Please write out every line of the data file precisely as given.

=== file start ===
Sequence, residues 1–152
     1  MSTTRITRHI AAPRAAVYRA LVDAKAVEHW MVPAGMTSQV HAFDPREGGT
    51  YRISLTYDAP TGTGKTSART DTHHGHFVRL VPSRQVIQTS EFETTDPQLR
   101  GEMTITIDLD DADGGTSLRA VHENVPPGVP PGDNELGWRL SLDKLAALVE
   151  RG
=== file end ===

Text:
Sequence, residues 1–152
     1  MSTTRITRHI AAPRAAVYRA LVDAKAVEHW MVPAGMTSQV HAFDPREGGT
    51  YRISLTYDAP TGTGKTSART DTHHGHFVRL VPSRQVIQTS EFETTDPQLR
   101  GEMTITIDLD DADGGTSLRA VHENVPPGVP PGDNELGWRL SLDKLAALVE
   151  RG